221; Martin was within the law for stopping the Creek Nation ambulance for its failure to yield to his lights and sirens. On the video, White informs Martin there is a patient in the ambulance. Yet Martin insists on talking with the driver, Paul Franks, which appears to enflame White — the EMT in charge.
"The EMT in charge is ultimately responsible for a patient,” said Rogers, adding that his agency can suspend or terminate an EMT’s license if a patient isn’t cared for properly. "I find it really unusual for that trooper not to defer to the ambulance mission — highly unusual.”
Another point of contention has been the fact the ambulance wasn’t operating its lights and sirens, leaving Martin’s defense attorney, Gary James, to question the urgency of the transport.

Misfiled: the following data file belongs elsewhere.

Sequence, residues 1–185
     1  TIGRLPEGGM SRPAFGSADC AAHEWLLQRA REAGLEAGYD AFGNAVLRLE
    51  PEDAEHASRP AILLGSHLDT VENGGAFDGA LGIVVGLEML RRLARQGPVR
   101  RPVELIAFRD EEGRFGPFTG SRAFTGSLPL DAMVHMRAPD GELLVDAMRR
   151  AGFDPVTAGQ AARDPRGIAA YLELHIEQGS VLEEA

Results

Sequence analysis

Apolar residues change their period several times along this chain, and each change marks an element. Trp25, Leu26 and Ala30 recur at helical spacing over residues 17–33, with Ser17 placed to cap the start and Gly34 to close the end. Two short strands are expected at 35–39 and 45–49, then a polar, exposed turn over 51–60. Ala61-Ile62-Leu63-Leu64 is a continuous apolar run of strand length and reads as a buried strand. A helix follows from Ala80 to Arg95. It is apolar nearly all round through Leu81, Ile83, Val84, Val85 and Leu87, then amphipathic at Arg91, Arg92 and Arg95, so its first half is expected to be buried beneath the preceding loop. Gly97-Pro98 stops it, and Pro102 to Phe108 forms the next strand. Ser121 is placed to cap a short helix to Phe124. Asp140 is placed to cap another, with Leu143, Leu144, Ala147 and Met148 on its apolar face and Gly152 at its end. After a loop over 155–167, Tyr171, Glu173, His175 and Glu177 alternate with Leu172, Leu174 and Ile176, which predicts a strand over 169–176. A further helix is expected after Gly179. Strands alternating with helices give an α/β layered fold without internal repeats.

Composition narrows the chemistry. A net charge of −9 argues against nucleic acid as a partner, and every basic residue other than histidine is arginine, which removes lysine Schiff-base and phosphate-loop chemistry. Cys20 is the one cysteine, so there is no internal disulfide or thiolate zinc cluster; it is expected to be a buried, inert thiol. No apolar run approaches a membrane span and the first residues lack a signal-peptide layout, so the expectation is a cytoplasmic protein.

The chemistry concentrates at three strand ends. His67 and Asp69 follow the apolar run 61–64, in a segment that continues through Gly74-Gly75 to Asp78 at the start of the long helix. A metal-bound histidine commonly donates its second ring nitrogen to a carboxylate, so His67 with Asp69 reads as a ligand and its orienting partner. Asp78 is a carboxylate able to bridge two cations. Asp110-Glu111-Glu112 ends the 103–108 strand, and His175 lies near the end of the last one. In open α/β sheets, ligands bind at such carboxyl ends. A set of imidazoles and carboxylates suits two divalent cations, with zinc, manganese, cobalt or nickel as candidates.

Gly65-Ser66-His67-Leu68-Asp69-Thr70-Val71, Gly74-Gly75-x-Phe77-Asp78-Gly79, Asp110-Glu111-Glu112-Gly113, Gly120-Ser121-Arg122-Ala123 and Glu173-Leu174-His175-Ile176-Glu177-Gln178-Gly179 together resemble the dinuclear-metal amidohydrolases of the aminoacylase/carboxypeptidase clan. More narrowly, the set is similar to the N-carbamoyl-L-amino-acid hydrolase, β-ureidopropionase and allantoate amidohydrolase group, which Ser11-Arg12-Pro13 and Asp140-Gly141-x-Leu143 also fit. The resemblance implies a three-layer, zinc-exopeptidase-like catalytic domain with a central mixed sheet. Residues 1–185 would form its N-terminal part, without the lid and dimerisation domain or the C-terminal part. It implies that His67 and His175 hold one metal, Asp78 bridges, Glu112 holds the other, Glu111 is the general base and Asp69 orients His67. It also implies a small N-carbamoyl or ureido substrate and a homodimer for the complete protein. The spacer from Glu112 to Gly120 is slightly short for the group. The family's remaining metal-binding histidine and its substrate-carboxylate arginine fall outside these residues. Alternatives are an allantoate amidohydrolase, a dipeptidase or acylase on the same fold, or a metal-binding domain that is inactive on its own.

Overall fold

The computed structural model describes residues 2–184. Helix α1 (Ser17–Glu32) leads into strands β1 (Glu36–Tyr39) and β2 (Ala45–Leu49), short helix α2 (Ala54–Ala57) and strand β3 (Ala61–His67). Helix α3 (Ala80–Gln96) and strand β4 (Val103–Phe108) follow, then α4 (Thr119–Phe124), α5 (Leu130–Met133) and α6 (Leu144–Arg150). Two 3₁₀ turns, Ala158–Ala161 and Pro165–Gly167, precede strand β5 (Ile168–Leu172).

"You can have a patient being treated emergent and have lights off,” Rogers said. "Happens all the time with heart attacks, when you’re trying not to increase the patient’s anxiety level by running lights and sirens.
"You’re instead trying to keep the patient calm.”
Stella Jordan, the patient, has a history of heart problems and had blacked out after experiencing chest pains, according to White’s attorney, Richard O’Carroll. Jordan was treated and released.
Manny Gamallo, Tulsa World